• A word you’ll often hear in the world of investment is diversification. Diversifying your investment means spreading the money you invest across various asset classes, countries, currencies, regions and themes etc. That way you’ll minimize your risk – investing all your money in a single share means there’s a danger of losing it all. The broader your investment, the less risk you assume. You’ll find more about this in the article “Diversification – why you shouldn’t put all your eggs in one basket”.

  • Opportunities to generate high yield generally entail greater risk and/or restrict liquidity. Conversely, highly secure financial investment means you can’t expect huge returns. There’s basically no ideal investment option that’s optimal in every respect. Money lies in a “magic triangle” between liquidity, yield and security. Find out more in the article “The magic triangle of financial investments”. This means the investor profile and investment strategy based on it are key elements of investment. If you’d prefer to adopt a more cautious approach to investment, your advisor will help you to select low-risk investment products – by focusing on lower-risk securities, such as bonds, for example. The longer you hold onto your investment, the more you can offset short-term price fluctuations and assume higher risks. Find out more in the article “Long-term investment – why it’s important”.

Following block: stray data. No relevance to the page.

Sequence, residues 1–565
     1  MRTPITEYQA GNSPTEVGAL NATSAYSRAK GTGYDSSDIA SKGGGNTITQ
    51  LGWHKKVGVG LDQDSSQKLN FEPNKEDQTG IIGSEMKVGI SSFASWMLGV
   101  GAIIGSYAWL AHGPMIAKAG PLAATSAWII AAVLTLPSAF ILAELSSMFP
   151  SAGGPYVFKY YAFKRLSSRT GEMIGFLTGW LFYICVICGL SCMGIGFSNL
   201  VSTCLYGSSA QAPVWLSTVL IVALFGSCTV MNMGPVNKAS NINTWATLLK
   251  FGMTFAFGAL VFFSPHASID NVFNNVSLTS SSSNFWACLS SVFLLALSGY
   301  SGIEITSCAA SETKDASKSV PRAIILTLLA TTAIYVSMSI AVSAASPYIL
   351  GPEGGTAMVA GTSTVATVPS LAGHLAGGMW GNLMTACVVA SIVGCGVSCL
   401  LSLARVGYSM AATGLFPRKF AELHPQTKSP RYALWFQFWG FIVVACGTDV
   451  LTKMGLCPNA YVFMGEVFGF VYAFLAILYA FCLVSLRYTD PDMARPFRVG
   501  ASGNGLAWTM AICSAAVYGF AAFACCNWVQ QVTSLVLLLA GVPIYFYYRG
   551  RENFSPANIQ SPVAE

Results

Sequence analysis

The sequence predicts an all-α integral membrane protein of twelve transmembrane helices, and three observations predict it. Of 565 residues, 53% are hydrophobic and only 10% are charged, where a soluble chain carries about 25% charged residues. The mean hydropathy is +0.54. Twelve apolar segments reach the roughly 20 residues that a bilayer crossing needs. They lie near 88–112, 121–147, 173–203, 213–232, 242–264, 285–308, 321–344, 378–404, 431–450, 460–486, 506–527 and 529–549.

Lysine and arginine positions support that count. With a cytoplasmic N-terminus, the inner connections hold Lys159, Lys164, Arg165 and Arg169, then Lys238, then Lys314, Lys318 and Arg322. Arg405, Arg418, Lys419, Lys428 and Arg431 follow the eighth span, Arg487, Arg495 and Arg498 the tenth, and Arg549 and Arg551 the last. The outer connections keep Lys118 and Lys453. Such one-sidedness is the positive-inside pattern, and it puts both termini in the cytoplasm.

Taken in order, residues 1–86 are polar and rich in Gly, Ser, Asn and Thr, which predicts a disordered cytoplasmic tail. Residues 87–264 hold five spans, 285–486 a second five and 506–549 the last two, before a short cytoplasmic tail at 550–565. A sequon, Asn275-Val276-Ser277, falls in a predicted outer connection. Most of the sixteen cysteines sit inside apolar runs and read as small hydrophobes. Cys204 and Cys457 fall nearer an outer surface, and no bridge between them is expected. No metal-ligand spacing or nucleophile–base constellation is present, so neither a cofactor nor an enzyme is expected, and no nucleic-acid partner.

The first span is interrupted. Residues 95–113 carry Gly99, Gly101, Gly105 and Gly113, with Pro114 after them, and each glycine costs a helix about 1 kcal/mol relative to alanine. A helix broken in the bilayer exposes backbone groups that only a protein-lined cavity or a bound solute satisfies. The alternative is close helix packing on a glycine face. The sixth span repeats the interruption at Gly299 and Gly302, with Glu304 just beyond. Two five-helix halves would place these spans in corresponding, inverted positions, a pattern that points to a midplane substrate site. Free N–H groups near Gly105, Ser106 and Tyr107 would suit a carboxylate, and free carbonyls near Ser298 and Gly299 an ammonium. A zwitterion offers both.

• Whether you invest money regularly or make a one-off investment is entirely up to you. The funds saving plan is a good way of investing money regularly. It allows you to pay money into a fund of your choice each month for example. At PostFinance, this option is available from just CHF 20 a month. The funds saving plan is an ideal option if you don’t wish to invest a large amount of money all in one go, but would prefer to accrue assets long-term by investing small amounts.